By the end of the century, with many German families having moved out of Whitechapel to more salubrious suburbs and many free English schools in operation, leaders concluded that the ‘German Poor School’ should be given up. It closed in 1897 and the schoolhouse was let out for commercial purposes, the rent channelled into funding German education in other parts of the capital.
By 1903 the former school building was in use by the Jewish Working Girls’ Club (JWGC). The purchase of the leasehold was made possible through the support of one individual, (Lady) Julia Henry, daughter of the prominent Jewish-American philanthropist, Leonard Lewisohn. Henry’s support was prompted by an anxiety to show American goodwill towards English Jews in the light of tightening immigration policies in the US, which restricted Jewish movement into the country as religious refugees. The former Mission School was adapted without significant architectural alteration to suit its new purpose by the architect M. E. Collins, who, on completion, reported that the Club contained ‘every accommodation, including the usual recreation rooms, a kitchen, scullery, library and other rooms’.  The day-to-day running of the Club was reliant on voluntary contributions and teachers were mostly volunteers from the well-meaning and already settled middle classes, concerned that the assimilation of poor Jewish children from Eastern Europe was occurring neither rapidly nor effectively enough. With 160 girls regularly attending evening and Sunday classes in such subjects as needlework, cooking, Hebrew and religion, singing and drilling in the early 1900s, the Club ‘exceedingly flourish[ed]’ well into the 1920s.  The JWGC appears to have continued on until at least the late 1930s before closure around the beginning of the Second World War, the Jewish exodus from East London ‘well-nigh complete’ by the late 1950s.
Requisitioned for use by the War Office soon after the outbreak of war, the former school became a hostel for Black seamen from the British colonies in 1942. In spite of a proliferation of local seamen’s hostels, ‘coloured colonials’ were frequently turned away or were reticent to take up beds reserved for them in larger hostels, aware that their very presence might result in social unrest, as it had in the recent past.
The Colonial Office hostel at Leman Street was intended for thirteen seamen, whose stay was limited to a maximum of three weeks on the basis that they were only temporary residents awaiting their next contract at sea. Accommodation included a basement dining room and kitchen, a ground-floor common room and office, with a large open dormitory, and a small adjoining bedroom on the first floor. The self-contained second-floor flat once home to the German teachers was assigned to the hostel’s warden. Equipped with a billiard table and piano, the common room was intended to serve an important social function, where, it was envisioned, ‘men can sit and talk’. But in the extent of its provision and the effectiveness of its organisation, the small hostel fell woefully short, dogged by problems from its inception and only deepening after the end of the war. Three successive wardens failed to maintain order in the house as men arriving at the hostel often struggled to find places on ships leaving the port, overstayed and grew restless. Although intended only as a place of short-stays for ‘the floating population’, the hostel frequently housed teenage stowaways and those with longer-term ambitions to settle permanently in the country. Local boarding-house keeper Kathleen Wrsama despaired at the lack of support given to these men, who arrived with little or no knowledge of the culture and institutional systems in England. She recalled, ‘The Colonial Office opened a house and you know what it was known as? It was known as the government gambling den. I used to laugh at that. They did nothing for the poor boys’.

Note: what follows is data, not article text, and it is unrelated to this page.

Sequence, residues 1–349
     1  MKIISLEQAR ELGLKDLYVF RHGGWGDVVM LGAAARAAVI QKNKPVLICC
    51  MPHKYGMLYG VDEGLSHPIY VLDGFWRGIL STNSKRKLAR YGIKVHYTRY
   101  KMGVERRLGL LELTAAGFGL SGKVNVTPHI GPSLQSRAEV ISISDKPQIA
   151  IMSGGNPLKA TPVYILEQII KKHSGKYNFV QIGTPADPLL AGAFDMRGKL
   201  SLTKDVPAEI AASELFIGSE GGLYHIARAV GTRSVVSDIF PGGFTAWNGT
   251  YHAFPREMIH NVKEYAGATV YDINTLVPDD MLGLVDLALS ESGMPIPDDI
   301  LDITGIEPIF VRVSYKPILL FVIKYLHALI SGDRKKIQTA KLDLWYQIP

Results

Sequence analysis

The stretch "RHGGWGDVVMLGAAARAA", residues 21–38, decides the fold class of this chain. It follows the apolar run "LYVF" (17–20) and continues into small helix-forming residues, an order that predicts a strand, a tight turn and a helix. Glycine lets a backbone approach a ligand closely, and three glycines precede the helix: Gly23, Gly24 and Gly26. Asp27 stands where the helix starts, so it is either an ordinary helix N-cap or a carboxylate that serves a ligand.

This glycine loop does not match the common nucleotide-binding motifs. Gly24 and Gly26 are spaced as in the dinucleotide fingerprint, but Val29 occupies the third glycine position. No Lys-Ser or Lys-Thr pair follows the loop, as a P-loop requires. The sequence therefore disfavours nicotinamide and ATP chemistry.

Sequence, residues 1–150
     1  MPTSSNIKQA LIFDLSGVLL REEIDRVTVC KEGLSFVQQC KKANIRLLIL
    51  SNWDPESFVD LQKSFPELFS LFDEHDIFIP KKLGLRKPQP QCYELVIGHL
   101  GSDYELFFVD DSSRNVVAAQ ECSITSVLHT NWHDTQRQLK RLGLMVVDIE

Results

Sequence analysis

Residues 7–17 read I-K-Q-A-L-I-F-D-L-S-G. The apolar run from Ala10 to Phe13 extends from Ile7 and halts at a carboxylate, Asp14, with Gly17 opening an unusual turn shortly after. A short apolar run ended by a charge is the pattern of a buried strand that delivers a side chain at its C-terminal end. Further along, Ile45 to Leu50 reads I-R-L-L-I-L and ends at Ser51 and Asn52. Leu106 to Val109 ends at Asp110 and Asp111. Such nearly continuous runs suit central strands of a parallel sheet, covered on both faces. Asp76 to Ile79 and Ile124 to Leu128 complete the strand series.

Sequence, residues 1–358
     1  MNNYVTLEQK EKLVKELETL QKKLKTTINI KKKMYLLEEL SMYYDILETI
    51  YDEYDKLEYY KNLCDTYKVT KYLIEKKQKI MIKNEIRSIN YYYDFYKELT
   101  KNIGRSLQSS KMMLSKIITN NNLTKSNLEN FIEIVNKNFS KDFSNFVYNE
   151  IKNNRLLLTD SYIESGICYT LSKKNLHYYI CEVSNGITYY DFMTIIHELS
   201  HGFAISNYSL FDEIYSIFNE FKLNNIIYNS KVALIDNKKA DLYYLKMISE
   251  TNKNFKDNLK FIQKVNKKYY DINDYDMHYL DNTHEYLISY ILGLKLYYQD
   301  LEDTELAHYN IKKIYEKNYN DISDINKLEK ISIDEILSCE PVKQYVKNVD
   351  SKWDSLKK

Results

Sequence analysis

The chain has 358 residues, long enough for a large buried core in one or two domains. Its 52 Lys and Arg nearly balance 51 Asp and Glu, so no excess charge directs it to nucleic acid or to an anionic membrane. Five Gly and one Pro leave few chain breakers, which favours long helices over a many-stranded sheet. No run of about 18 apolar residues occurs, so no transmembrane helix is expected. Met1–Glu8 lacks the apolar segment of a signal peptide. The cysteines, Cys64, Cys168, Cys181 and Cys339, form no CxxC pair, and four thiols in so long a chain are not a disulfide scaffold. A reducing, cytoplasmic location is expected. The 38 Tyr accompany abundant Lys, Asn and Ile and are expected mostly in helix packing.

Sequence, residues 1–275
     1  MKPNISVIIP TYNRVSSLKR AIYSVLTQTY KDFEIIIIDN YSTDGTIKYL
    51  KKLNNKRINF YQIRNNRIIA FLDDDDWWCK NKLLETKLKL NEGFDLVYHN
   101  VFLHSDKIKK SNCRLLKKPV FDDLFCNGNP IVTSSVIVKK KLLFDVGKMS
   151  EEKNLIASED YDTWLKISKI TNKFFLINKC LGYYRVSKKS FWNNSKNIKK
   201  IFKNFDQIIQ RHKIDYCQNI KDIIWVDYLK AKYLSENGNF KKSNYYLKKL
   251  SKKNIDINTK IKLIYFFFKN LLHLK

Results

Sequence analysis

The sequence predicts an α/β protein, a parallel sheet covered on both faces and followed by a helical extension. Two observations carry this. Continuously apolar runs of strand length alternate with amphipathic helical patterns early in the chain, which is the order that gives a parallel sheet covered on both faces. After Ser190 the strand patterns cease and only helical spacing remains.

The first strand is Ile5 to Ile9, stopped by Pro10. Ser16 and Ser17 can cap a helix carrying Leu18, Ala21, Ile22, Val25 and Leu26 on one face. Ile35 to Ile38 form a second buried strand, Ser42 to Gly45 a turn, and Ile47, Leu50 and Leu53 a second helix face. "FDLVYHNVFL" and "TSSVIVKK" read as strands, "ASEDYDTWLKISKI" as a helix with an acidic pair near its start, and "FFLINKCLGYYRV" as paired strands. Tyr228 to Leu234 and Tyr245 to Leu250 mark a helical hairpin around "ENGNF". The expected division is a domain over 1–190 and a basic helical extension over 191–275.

Cafés around the west end of Cable Street, often run by former seamen, formed a valuable network of informal social spaces through which private lodging places could be found. A pattern of friendly association brought men into this alternative economy, as former colleagues set up unregistered lodging houses hosting a circuit of friends and friends of friends who arrived after a period of time at sea. Along Cable Street, three-storey bomb-damaged terraced houses in a state of considerable disrepair accommodated cafés on the ground floor, dancing clubs in the basement, and bedrooms on the upper floors. In 1944, thirty-four such humble cafés were identified. African-origin men were the most affected by deficient housing conditions. Derek Bamuta noted, ‘I have reason to suspect that a lot of them actually sleep in bombed out houses’ after having wandered the streets until the early hours of the morning.’  By 1950, those living in unofficial lodgings in the Cable Street area were deemed to be enduring the worst possible conditions. Once settled in temporary accommodation, there were few opportunities for Black tenants to move out of the area; many white landlords would not accept them.
Much to the dismay of local activists such as Edith Ramsay, a councillor, and Father St John Beverley Groser, who saw Colonial House as tokenistic, by 1946 inefficient management of the hostel had caused the Colonial Office to quietly close it only for it to be hastily re-opened soon after. For Ramsay, this episode was evidence of a dereliction of public duty and the abandonment of principles set out in legislation such as the Colonial Development and Welfare Act 1940 which shifted government policy away from a laissez-faire attitude to the colonies and its peoples towards investment in their social, physical and economic needs. The hostel was consistently oversubscribed, with Ramsay reporting that up to forty men could be packed into the building using mattresses on the floor in the mid-1940s. It only catered for a very small percentage of non-resident seamen, and left the needs of the wider resident ‘coloured’ community entirely unattended.